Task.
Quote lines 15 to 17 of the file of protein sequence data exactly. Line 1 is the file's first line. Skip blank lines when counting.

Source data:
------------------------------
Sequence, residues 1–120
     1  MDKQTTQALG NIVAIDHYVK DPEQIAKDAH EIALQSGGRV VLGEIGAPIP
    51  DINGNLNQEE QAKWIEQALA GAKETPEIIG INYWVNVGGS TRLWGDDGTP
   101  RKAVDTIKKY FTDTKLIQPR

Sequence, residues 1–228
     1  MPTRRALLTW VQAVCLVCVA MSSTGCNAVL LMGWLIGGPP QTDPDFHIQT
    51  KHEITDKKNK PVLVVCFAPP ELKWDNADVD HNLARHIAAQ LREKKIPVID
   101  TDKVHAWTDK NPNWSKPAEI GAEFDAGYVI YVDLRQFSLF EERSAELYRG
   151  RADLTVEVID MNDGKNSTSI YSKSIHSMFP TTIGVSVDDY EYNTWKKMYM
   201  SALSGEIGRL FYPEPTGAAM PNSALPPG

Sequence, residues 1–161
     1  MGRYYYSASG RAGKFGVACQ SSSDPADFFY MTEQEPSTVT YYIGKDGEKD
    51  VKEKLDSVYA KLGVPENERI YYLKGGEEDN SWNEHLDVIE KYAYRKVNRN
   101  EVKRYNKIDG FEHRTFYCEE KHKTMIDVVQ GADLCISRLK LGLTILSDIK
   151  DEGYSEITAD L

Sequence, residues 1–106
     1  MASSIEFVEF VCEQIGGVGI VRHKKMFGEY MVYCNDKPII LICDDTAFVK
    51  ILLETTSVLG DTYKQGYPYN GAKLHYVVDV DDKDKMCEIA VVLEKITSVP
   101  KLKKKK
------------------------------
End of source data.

   151  DEGYSEITAD L

Sequence, residues 1–106
     1  MASSIEFVEF VCEQIGGVGI VRHKKMFGEY MVYCNDKPII LICDDTAFVK